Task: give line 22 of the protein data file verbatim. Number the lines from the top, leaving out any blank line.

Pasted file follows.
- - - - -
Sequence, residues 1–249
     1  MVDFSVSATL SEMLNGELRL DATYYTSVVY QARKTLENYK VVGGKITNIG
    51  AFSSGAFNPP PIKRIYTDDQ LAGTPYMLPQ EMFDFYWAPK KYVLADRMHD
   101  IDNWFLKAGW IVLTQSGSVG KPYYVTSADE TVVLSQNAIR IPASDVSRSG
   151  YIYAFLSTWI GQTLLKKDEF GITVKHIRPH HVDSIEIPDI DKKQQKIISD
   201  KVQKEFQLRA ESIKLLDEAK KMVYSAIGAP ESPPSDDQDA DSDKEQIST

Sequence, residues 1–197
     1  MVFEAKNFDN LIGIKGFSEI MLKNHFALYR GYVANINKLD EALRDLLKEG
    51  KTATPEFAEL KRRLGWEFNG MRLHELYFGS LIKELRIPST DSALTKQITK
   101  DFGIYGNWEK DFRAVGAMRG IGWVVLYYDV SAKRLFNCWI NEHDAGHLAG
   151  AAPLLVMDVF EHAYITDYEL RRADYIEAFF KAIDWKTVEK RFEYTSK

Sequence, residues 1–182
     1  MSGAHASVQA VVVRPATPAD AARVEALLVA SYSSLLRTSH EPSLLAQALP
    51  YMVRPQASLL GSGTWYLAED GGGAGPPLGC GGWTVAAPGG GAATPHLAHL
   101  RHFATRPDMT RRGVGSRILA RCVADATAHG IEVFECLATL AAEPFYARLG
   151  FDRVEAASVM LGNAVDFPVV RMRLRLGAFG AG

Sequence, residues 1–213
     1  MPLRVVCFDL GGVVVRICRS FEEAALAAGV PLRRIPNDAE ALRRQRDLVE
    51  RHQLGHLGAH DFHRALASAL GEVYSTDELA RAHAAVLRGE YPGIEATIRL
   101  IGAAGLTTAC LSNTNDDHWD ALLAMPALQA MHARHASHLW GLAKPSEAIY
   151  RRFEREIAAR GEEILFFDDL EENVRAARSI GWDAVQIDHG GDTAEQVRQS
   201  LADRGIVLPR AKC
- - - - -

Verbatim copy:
   201  LADRGIVLPR AKC